16 March 2020 - Source: Myanmar Times - The Forest Department wants to upgrade an island in Ayeyarwady Region that is a nesting site for sea turtles from its current status as a protected area to a Ramsar Site.
A Ramsar Site is a wetland site designated to be of international importance under the Ramsar Convention, an intergovernmental environmental treaty established by UNESCO in 1971 and enforced in 1975.
Thamihla Kyun wildlife sanctuary, or Diamond Island, will be nominated as an international wetland, or Ramsar Site, a department official said.
Sea turtles return to the island every year to lay their eggs on the beach and then return to the sea with their babies.
"It is an important site for turtles. We are trying to complete the data so it will meet the criteria as a Ramsar Site," said U Kyaw Kyaw Lwin, deputy director of the department.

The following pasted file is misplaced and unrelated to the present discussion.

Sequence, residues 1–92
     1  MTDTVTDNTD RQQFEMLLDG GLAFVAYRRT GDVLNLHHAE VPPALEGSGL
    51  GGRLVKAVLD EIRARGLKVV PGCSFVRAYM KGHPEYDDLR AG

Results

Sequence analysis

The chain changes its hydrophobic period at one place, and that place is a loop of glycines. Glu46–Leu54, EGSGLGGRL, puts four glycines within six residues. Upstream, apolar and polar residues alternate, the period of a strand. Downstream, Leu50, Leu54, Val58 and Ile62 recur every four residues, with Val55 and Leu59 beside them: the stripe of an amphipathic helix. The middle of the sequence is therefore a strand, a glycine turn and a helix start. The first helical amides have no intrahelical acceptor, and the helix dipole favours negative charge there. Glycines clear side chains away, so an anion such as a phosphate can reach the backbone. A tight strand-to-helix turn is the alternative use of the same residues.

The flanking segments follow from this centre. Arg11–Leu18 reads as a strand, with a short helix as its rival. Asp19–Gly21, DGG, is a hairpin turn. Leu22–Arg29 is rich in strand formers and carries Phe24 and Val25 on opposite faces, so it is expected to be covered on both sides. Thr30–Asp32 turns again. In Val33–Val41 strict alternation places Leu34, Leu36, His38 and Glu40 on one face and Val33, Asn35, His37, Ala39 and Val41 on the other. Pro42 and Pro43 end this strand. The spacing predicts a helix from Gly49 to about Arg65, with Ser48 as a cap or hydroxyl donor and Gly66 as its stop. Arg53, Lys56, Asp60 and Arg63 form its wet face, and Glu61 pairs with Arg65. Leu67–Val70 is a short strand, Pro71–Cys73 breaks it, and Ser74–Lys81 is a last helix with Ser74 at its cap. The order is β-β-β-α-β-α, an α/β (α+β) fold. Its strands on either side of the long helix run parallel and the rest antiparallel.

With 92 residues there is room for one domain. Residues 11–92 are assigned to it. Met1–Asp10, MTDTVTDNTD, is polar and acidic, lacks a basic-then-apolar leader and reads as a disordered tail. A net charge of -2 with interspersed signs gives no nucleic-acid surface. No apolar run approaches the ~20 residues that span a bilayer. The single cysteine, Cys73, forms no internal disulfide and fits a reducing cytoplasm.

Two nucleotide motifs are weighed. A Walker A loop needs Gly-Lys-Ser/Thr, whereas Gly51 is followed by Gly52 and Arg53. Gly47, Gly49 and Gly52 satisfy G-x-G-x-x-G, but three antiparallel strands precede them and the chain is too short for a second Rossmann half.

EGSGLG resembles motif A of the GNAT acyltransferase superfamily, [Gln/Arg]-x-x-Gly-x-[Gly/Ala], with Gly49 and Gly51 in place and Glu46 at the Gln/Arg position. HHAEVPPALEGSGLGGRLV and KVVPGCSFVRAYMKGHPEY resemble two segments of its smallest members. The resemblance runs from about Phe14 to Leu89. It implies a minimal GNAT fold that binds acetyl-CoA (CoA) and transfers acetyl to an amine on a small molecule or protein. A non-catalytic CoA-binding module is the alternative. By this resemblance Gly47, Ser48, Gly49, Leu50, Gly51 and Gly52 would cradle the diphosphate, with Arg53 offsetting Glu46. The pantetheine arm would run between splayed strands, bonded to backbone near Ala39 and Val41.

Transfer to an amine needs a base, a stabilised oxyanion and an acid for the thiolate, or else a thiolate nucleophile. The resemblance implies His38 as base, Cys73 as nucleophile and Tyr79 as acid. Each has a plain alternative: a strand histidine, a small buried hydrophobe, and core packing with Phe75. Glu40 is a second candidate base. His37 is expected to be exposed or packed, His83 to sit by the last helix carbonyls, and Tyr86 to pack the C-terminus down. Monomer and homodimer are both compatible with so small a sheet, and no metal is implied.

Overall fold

Sea turtles are threatened because fishermen gather their eggs for food and due to habitat losses arising from the effects of climate change.
Rising sand temperatures and the proliferation of plastic waste on the beaches also puts the turtles at risk of extinction.
Thamihla Kyun wildlife sanctuary aims to conserve the turtles. The department released 3015 baby turtles to the sea from 5315 eggs hatched in 2017-2018.
In Myanmar, there are five species of sea turtles – the leatherback, loggerhead, green, hawksbill, and olive ridley.
''This year, we will also nominate Nanthar island in Rakhine State as a Ramsar Site," U Kyaw Kyaw Lwin said.
The government and non-governmental organisations have joined hands to protect the island. Two personnel are deployed there to collect garbage quarterly and to educate people in nearby villages about the importance of conservation, according to the department.
Myanmar has five Ramsar sites – Moeyungyi, Indawgyi Lake, Inle Lake, Meemahla Kyun island and the Gulf of Mottama.